The setting of the novel is 2195 in Cambridge, Massachusetts. It depicts a futuristic, austere and authoritarian society where women are not given even the basic rights. Atwood names it as the 'Republic of Gilead' administered by a fundamentalist Christian theocracy. The army has declared a state of emergency in the state, as the President has been shot while the Congress has been machine-gunned. The constitution no longer holds good, universities no more remain functional. Thus, it is a horrific establishment with racist and chauvinistic views. The environmental deterioration of the present times is the central reason for the creation of Gilead. In the Historical Notes of The Handmaid's Tale Professor Pieixoto suggests that there are many reasons for the decrease of population:

Some of the failure to reproduce can undoubtedly be traced to the widespread availability of birth control of various kinds, including abortion, in the immediate pre-Gilead period. […] Stillbirths, miscarriages, and genetic deformities were widespread and on the increase, and this trend has been linked to the various nuclear-plant accidents, shut down and incidents of sabotage that characterized the period, as well as to leakages from chemical and biological-warfare stockpiles and toxic-waste disposal sites […] and to the uncontrolled use of chemical insecticides, herbicides and other sprays. (Atwood 316-317)

The great decline in population in Gilead results from the haphazard use of reproduction controlling techniques, due to sexually transmitted diseases and ecological contamination of the present times. Women are the worst victims of the consequences of this in Gilead. They are not provided even the right of citizenship in this totalitarian territory. An enforced new law denies them any right to property, which has to be transferred to the next male kin either husband or another one. They are not allowed employment any more. Even their bank accounts are forcibly freezed. They have been assigned only one function and that is reproduction. Women with fertile ovaries are sent as handmaids to the otherwise childless Commanders to continue their progeny. Every handmaid gets three chances, each of two years with one Commander. If, unfortunately, she is unable to produce a child within her term of six years, she is designated as 'Unwoman' and sent to the colonies to clean the poisonous wastes. On the other hand, if the handmaid is lucky enough to beget a child, she is then transferred to the next Commander after giving her child to the earlier Commander and her wife. Hence, woman is no less than a national resource in the Gileadean regime.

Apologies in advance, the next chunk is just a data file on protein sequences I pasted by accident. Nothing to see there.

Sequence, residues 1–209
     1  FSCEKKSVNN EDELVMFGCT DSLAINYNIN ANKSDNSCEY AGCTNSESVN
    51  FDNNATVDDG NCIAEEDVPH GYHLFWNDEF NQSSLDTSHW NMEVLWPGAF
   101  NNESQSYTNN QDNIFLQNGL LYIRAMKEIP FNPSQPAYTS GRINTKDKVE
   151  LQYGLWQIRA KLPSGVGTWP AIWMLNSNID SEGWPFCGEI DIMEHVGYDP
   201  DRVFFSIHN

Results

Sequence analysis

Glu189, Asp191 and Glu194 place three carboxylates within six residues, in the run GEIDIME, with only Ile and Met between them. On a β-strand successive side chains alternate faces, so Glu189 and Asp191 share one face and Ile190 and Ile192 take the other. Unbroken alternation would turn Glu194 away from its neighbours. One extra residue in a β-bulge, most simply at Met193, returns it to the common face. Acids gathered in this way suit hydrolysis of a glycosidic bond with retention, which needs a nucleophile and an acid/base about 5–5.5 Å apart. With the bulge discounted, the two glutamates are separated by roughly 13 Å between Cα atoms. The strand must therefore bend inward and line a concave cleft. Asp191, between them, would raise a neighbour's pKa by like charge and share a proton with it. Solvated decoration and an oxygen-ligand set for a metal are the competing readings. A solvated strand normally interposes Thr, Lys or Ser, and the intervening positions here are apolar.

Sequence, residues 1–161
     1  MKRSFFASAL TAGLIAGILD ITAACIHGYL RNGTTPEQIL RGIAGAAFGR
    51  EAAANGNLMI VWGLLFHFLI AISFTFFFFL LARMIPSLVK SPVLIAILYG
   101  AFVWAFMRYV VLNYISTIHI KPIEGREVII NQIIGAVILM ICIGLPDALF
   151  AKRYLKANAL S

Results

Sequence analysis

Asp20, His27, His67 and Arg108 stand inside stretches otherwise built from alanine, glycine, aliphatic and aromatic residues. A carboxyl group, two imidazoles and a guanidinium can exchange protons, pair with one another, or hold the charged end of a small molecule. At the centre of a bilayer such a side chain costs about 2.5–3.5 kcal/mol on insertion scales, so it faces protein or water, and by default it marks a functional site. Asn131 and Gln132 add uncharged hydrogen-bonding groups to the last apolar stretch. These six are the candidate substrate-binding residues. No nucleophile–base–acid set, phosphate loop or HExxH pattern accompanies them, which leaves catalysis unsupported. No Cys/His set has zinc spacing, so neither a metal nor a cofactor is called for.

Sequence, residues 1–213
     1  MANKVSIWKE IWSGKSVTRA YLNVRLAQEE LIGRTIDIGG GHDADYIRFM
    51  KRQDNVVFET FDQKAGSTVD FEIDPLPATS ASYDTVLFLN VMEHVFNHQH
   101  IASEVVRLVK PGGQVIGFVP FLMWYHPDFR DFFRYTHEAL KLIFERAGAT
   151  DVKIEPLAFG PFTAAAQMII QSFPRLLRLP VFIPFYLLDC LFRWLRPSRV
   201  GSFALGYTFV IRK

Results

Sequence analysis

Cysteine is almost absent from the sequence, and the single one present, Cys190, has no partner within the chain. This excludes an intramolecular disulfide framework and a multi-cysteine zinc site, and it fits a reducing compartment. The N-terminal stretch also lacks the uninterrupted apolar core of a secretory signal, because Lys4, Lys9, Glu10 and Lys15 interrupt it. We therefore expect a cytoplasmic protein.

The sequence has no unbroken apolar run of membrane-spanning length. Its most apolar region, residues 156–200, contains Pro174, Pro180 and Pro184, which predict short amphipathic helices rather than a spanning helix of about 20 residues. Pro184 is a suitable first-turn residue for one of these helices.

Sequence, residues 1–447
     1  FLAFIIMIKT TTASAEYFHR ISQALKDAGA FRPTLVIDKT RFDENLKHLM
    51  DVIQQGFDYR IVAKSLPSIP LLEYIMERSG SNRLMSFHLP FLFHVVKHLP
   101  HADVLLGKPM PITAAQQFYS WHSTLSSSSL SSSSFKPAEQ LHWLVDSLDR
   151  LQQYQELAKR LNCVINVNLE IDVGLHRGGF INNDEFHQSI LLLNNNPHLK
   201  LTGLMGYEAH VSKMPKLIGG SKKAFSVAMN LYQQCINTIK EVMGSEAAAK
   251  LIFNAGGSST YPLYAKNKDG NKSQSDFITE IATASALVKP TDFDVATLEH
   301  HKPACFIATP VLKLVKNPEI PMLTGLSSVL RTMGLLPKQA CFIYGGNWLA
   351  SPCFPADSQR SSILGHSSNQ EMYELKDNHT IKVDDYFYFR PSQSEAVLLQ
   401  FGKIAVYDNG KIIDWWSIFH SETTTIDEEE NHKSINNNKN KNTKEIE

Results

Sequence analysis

Aim of Ecofeminism:
Ecofeminists question the patriarchal stand to objectify woman as the 'other' of man. This type of dualistic philosophy creates hierarchy and subjugation. In "Scientific Objectivity and the Concept of 'the other'", Zuleyma Tang Halpin correctly argues: